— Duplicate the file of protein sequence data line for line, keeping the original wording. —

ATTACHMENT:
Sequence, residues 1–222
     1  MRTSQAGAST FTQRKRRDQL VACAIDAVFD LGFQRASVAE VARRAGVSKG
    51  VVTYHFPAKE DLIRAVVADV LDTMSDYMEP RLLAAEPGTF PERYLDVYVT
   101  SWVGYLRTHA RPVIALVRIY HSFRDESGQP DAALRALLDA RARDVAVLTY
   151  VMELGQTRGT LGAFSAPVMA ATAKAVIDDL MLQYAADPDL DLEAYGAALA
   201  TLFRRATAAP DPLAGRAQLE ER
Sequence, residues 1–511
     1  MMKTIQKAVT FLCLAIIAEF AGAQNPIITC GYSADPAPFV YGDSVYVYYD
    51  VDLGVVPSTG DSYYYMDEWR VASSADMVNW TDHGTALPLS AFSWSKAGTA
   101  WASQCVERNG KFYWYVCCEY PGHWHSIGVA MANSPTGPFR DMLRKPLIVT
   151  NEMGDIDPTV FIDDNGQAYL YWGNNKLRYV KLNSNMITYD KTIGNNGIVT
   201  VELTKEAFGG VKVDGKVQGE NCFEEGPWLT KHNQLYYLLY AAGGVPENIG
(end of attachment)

Sequence, residues 1–222
     1  MRTSQAGAST FTQRKRRDQL VACAIDAVFD LGFQRASVAE VARRAGVSKG
    51  VVTYHFPAKE DLIRAVVADV LDTMSDYMEP RLLAAEPGTF PERYLDVYVT
   101  SWVGYLRTHA RPVIALVRIY HSFRDESGQP DAALRALLDA RARDVAVLTY
   151  VMELGQTRGT LGAFSAPVMA ATAKAVIDDL MLQYAADPDL DLEAYGAALA
   201  TLFRRATAAP DPLAGRAQLE ER
Sequence, residues 1–511
     1  MMKTIQKAVT FLCLAIIAEF AGAQNPIITC GYSADPAPFV YGDSVYVYYD
    51  VDLGVVPSTG DSYYYMDEWR VASSADMVNW TDHGTALPLS AFSWSKAGTA
   101  WASQCVERNG KFYWYVCCEY PGHWHSIGVA MANSPTGPFR DMLRKPLIVT
   151  NEMGDIDPTV FIDDNGQAYL YWGNNKLRYV KLNSNMITYD KTIGNNGIVT
   201  VELTKEAFGG VKVDGKVQGE NCFEEGPWLT KHNQLYYLLY AAGGVPENIG